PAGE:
Before we address this question, we must address an even more basic question “What is NetFlow”? NetFlow, and other flow-based technologies like sFlow, JFlow, and IPFIX, are simply specifications for collecting certain types of network data for monitoring and reporting. The data sources are network devices themselves, like switches and routers, the idea being to leverage existing resources in the network to provide data that is for the most part already being processed by these devices. To that end, flow-based systems provide an economical source for network monitoring data.
All flow-based systems start with flows as their basic element. A flow is a sequence of packets that has the following seven identical characteristics: source IP address, destination IP address, source port, destination port, layer 3 protocol type, TOS byte, and input logical interface. By definition, a flow is unidirectional. Flows are processed and stored by supported network devices as flow records, and it is these flow records that vary from specification to specification - i.e. a NetFlow flow record does not take quite the same form as an sFlow flow record. This requires different parsing and processing techniques for each flow-based specification. It is at this step where flow records are consumed and the term NetFlow Analyzer is introduced.
Basic flow analysis is a multistep process, requiring several different elements to be present. Packets enter a switch or router, just as they would as part of normal network operation. If the network device is flow-enabled and the feature is active, additional processing will take place to identify individual flows in the packet stream per the seven characteristics mentioned above. Depending on the configuration of the network device and how busy the network is at any given time, this processing may be done on every packet, or just a sampling of the packets. As flows are identified, flow records are created per the specification supported by the network device, for our purposes NetFlow, and the records are stored locally in the network device. As flows are completed, the records associated with those flows are exported to an external NetFlow Collector, where they are archived for further analysis and reporting. Once the flow record leaves the network device it is deleted from memory to make room for other flow records. Though efficient since the packets already must be processed by the network device, NetFlow does put an additional strain on the network device since it requires additional processing beyond that required for only switching or routing, and it requires additional storage on the switch for the flow records being processed and exported.
A NetFlow Analyzer includes the NetFlow Collector, which accepts and stores the completed flow records; a storage system to allow for long-term storage of large volumes of flow-based data; and analysis software to mine, aggregate, and report on the collected data per user requests through a customized UI, often web-based but sometimes client-server. The NetFlow Analyzer can be software-only or appliance-based, but most systems are appliance-based, and the system often includes multiple appliances.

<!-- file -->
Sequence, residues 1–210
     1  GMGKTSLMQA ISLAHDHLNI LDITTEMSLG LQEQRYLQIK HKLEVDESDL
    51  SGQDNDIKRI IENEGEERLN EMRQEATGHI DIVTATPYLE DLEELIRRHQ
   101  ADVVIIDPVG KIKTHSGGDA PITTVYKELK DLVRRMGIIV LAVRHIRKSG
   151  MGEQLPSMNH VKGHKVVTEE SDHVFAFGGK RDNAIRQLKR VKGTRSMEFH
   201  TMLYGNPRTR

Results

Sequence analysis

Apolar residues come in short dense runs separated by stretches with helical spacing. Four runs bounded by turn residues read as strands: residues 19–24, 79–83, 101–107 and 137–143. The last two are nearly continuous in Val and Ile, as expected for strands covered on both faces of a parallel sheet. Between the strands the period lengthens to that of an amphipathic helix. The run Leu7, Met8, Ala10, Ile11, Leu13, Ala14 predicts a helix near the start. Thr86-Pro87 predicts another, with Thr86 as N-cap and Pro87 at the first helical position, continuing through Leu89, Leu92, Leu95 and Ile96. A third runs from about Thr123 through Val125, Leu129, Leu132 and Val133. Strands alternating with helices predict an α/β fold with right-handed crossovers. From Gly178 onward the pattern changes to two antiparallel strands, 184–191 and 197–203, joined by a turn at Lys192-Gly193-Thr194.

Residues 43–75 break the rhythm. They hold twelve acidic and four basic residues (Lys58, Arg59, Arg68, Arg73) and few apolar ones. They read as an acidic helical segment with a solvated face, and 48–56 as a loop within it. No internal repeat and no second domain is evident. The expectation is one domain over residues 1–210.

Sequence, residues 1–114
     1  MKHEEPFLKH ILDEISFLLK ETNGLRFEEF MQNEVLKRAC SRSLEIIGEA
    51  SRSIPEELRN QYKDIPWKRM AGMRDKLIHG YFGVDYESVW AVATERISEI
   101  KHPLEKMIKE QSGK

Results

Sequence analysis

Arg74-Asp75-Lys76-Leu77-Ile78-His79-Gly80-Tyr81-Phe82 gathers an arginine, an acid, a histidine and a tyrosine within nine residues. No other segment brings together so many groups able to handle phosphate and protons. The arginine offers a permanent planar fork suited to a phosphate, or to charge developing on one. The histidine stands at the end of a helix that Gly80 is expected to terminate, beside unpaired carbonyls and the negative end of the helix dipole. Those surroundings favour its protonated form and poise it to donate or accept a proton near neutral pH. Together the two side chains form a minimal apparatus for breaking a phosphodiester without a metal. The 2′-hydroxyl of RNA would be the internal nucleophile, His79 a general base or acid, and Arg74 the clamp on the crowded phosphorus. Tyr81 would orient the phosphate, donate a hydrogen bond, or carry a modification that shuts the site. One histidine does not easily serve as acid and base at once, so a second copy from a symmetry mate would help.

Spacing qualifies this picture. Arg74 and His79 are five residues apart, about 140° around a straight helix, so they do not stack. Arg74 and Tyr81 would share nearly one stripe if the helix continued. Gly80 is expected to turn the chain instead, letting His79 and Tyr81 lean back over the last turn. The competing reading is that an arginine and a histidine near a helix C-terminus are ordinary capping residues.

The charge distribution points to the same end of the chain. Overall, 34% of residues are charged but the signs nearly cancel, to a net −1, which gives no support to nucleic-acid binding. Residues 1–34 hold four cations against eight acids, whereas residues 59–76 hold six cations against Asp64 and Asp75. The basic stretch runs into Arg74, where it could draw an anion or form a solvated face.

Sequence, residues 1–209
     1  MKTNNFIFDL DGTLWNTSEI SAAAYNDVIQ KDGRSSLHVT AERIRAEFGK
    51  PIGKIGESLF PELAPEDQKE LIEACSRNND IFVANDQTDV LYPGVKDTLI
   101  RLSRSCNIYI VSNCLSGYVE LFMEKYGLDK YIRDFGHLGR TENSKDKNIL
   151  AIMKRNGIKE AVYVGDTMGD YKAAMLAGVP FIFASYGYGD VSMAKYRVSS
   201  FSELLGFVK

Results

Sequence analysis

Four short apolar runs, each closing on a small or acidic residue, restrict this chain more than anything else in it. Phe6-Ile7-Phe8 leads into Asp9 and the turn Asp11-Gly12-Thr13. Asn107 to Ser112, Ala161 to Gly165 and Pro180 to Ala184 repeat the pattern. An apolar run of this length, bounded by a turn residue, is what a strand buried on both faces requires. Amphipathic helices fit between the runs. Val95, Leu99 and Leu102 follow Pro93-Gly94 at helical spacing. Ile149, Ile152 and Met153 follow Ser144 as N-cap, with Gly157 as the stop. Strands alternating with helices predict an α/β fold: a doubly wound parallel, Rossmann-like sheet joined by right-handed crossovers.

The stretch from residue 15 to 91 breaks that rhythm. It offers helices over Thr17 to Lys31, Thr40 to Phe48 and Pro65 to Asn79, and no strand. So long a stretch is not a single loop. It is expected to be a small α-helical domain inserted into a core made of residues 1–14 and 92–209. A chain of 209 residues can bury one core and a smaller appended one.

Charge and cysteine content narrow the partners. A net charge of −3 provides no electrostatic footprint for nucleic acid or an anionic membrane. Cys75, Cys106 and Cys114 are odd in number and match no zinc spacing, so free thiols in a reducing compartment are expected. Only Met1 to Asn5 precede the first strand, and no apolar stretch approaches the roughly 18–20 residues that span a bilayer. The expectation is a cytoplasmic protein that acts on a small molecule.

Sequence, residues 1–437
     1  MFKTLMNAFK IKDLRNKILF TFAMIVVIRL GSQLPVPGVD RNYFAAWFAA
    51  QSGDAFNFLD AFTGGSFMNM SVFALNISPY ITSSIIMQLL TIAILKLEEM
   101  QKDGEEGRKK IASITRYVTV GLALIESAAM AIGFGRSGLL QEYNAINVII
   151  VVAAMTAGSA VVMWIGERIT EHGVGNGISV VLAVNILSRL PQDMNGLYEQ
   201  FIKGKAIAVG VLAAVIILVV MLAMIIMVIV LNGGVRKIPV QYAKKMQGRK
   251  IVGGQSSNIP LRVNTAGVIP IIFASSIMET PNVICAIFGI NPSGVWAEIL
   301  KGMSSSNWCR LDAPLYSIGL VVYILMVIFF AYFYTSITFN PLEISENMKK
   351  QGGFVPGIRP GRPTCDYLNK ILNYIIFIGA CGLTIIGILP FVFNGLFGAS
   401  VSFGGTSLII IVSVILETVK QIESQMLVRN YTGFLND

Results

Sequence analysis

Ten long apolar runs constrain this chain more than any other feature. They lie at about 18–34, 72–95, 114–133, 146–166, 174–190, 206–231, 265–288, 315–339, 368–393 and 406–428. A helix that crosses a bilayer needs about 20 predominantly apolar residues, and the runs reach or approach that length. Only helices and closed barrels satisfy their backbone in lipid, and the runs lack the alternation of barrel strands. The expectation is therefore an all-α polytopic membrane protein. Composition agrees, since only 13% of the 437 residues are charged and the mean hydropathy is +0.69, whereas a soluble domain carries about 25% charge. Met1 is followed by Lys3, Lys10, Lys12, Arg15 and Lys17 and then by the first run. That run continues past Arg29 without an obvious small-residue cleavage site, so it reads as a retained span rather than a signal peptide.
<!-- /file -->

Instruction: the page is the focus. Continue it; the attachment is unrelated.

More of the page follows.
So what are the advantages? NetFlow data comes “for free” from NetFlow-enabled network devices, eliminating the need for additional network probes to collect the flow-based data. But remember, it’s not entirely free since it requires processing and storage resources on the network device thereby competing with the prime directive of the device – route packets. Given the 7 characteristics of a flow, NetFlow Analyzers can provide a relatively detailed set of network performance data, and given enough storage this data can be archived for quite a long time providing a long-term record of network behavior.
But there’s no such thing as a free lunch. NetFlow Analyzers may not always be 100% accurate since the source of the flow data can be from sampling and not an analysis of each and every packet. NetFlow Analyzers also create additional network traffic moving flow records from the network device to the NetFlow Collector, possibly impacting performance on an already busy network. And NetFlow Analyzers can report on nothing more than the information they can interpolate from the 7 flow characteristics, making them excellent network monitors but poor network analysis solutions because they often lack the data to perform root-cause analysis once a network anomaly is detected. Network analysis systems that derive data from independent
interrogation of each an every packet, like the OmniPeek Distributed Analysis Solution, provide all the data necessary not only for detailed network reporting, but for advanced, root-cause analysis as well. No sampling, no need to move data across the network for storage and analysis. All analysis is done at the source, by tapping into a network device and processing all the data locally.
Each system has its place, but when the time comes for root-cause analysis, and it always does, a packet-based analysis solution like the OmniPeek Distributed Analysis Solution is what you need.